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Frontline Covid-19 workers at risk as half a million face homelessness

Councils are calling on the government to address the housing crisis in the wake of the coronavirus pandemic

Frontline workers battling the coronavirus pandemic are amongst those at risk of homelessness as a result of the pandemic, UK councils have warned.

Almost half a million households are in danger of becoming homeless as a result of the economic impact of the crisis, new analysis for the District Councils’ Network reveals today.

The DCN, which represents 187 councils, predicts that at-risk families are likely to include low-earning frontline workers battling Covid-19 in the health, food and logistics industries. Lone parents and young people who were already struggling to keep a roof over their heads before the virus are also at risk.

The group is calling on the government to put the housing crisis at the heart of its coronavirus exit strategy, arguing urgent action is needed to protect the most vulnerable and prevent a surge in homelessness in the coming months.

We have grave concerns that income cuts and job losses could push families into homelessness

Housing and homelessness charity Shelter has echoed the DCN’s call, calling the idea that the housing crisis could worsen a “terrifying prospect”.

The DCN’s analysis reveals that 486,242 households are currently paying more than half of their income on private rented housing, placing them more at risk as jobs are cut, incomes fall and the current eviction ban — presently in place until the end of June — is lifted.

DCN Better Lives spokesperson Cllr Giles Archibald said: “We have grave concerns that the huge impact on jobs and incomes could send many of these half a million families over the edge and into homelessness in the coming months, particularly those struggling to pay their rent in the private rented sector.”

Of particular concern are 108,000 lone parents and their children (representing 20 per cent of all lone parents renting in the private sector), 100,000 16 to 24 year olds (almost 20 per cent of all young renters) and 160,000 households with incomes of less than £15,000.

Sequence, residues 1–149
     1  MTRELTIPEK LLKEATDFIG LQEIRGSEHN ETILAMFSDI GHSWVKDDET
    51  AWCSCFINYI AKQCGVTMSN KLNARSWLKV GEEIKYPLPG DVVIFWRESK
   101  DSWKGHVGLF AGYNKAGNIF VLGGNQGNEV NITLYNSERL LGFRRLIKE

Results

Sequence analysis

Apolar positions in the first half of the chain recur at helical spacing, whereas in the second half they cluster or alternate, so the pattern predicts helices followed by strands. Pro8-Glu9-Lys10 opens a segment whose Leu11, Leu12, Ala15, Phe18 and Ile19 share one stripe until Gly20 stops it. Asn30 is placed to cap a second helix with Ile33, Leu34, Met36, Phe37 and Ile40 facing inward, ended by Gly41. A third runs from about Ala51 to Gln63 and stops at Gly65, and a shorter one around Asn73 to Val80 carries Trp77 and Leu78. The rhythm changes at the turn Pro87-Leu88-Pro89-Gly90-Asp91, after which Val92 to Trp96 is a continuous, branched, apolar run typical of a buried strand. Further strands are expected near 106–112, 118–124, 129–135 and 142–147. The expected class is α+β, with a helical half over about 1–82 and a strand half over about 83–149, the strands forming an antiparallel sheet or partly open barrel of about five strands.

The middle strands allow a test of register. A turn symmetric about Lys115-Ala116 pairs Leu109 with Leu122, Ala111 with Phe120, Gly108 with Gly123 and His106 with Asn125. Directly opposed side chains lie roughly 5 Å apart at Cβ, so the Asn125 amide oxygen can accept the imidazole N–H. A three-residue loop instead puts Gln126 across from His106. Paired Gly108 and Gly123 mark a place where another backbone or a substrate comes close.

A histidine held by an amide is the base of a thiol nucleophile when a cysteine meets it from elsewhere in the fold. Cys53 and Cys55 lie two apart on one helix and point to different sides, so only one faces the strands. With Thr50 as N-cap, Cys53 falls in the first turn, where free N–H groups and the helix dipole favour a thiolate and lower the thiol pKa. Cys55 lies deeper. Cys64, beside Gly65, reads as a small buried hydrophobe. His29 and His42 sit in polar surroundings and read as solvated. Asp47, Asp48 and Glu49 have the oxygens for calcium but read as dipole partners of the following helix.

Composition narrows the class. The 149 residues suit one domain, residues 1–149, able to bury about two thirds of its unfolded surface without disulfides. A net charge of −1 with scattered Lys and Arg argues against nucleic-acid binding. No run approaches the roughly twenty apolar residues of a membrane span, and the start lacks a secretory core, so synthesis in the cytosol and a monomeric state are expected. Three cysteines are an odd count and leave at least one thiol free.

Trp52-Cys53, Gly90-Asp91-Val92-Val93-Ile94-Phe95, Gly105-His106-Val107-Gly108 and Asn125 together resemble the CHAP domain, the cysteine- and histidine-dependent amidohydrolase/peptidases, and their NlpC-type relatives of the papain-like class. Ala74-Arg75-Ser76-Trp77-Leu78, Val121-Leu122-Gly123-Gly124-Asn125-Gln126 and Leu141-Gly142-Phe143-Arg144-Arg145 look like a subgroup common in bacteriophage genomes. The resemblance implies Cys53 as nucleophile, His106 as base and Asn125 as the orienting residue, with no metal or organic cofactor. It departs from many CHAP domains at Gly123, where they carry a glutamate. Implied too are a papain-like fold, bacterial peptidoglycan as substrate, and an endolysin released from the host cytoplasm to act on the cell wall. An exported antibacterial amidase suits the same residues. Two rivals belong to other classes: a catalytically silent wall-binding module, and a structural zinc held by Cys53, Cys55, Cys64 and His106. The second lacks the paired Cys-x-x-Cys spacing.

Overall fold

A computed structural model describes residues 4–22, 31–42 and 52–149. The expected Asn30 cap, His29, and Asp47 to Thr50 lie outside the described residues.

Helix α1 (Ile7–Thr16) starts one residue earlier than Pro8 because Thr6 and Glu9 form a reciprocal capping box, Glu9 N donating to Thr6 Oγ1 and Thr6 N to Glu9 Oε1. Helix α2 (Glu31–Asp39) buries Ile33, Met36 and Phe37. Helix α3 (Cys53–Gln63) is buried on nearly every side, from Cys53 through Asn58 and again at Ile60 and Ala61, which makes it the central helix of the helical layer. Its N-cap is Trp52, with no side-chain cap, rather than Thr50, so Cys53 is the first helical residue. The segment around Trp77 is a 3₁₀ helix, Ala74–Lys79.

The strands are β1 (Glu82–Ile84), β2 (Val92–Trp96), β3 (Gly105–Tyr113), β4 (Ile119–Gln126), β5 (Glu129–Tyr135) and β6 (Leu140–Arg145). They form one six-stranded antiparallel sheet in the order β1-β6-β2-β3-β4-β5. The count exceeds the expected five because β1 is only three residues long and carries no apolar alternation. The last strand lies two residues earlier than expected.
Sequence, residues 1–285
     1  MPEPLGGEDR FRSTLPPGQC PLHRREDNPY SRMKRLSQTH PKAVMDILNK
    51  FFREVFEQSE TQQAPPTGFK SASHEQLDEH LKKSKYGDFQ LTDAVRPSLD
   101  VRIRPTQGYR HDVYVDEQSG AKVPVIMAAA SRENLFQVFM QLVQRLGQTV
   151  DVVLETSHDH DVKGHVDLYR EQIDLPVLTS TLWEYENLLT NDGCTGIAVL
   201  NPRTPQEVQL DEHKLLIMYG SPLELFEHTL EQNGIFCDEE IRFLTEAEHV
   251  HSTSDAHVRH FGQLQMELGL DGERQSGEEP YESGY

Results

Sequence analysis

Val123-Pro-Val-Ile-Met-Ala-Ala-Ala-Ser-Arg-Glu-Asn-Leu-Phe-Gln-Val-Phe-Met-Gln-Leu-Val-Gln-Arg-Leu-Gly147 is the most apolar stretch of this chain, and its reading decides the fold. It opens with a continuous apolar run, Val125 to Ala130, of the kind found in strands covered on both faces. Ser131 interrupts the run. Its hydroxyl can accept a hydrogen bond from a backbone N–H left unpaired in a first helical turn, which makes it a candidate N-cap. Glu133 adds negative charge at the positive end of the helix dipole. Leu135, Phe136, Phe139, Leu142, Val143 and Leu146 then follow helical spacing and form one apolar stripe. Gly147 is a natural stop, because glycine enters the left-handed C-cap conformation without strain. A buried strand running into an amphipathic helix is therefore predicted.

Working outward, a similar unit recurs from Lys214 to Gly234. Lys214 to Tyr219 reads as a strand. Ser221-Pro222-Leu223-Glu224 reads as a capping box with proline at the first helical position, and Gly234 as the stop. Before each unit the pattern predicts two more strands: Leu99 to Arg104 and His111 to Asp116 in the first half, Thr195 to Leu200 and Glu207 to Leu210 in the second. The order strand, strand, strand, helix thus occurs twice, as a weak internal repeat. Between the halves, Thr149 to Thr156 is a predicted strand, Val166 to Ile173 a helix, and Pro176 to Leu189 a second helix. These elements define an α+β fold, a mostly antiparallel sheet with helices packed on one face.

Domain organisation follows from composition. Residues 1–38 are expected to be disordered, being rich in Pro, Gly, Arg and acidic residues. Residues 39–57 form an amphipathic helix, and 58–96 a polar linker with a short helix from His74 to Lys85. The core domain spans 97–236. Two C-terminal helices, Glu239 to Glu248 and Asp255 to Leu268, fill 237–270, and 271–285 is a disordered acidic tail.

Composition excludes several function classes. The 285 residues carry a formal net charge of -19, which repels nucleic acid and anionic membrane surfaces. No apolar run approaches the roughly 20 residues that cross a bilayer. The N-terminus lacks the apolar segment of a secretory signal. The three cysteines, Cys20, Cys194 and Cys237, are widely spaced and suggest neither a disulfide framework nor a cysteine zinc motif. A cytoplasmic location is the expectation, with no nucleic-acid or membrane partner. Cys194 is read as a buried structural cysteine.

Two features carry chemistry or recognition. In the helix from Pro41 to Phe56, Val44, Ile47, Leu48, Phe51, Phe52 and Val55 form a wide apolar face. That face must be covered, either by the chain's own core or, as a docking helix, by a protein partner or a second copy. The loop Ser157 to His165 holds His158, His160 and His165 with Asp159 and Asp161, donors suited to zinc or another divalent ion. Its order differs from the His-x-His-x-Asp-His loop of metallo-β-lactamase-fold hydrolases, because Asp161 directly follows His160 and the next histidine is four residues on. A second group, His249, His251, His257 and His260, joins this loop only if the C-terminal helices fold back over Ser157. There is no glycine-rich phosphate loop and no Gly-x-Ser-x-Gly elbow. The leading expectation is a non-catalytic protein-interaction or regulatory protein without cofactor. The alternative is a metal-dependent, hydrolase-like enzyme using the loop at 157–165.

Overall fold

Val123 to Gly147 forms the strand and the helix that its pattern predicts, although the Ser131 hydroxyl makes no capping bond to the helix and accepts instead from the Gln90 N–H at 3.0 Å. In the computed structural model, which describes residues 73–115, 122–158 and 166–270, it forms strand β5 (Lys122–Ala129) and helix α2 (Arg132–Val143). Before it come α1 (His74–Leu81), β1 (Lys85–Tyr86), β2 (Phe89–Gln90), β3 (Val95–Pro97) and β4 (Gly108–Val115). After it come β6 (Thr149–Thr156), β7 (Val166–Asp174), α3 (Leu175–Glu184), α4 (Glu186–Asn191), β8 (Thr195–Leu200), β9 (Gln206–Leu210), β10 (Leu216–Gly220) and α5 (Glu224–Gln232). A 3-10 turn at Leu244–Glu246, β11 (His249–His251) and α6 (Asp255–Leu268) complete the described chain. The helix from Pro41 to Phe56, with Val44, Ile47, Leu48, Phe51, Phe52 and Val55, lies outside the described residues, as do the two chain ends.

Housing secretary Robert Jenrick said this week that the government would give renters “added protection” when the current eviction ban is lifted.

He told MPs that he is working to put a protocol in place that would ensure landlords have a duty to “reach out to them [tenants], discuss their situation and try to find an affordable repayment plan” before turning to eviction proceedings.


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It follows a government pledge in March to make £3.2 million available to councils to help the homeless during lockdown.

However, the DCN argues more action is needed in the face of the drastic economic challenges presented by the pandemic and the additional strain on already-stretched council resources.

It is calling on the government to commit to permanently lifting housing benefit for tenants in private rented housing, and to increase funding for councils working to prevent homelessness.

There are also calls for the government to reinvigorate the building of council houses to create homes, jobs and growth, and to review the financial support given to businesses so that it incentivises them to retain and create jobs.

Meanwhile, Shelter called on the government to raise the housing element of Universal Credit in order to avoid the housing crisis reaching a critical point.

The fact that the housing crisis could get even worse is a terrifying prospect

Shelter’s chief executive Polly Neate said: “Even before the pandemic we were in the middle of a housing emergency with hundreds of thousands of people with nowhere to call home. The fact that this could now get even worse is a terrifying prospect.

“The current crisis has meant that millions will be facing job losses or drastic reductions in income. Nearly two million people have already had to apply for Universal Credit, many for the first time, in a bid to keep themselves afloat. However the housing part of Universal Credit is going to be far too low for most people, and too many renters will find themselves in debt or rent arrears. 

“To stave off a sharp rise in homelessness once the emergency eviction ban lifts in June, we need swift action from the government to raise the housing element of Universal Credit now so that it can cover average rents and help people keep a roof over their heads.”

The DCN’s warning comes just two weeks after a damning UN statement on government response to coronavirus highlighted how the virus is hitting society’s most vulnerable the hardest.

That report cited figures that predict over half a billion additional people could be pushed into poverty worldwide due to Covid-19, in the face of almost 200 million full-time job losses.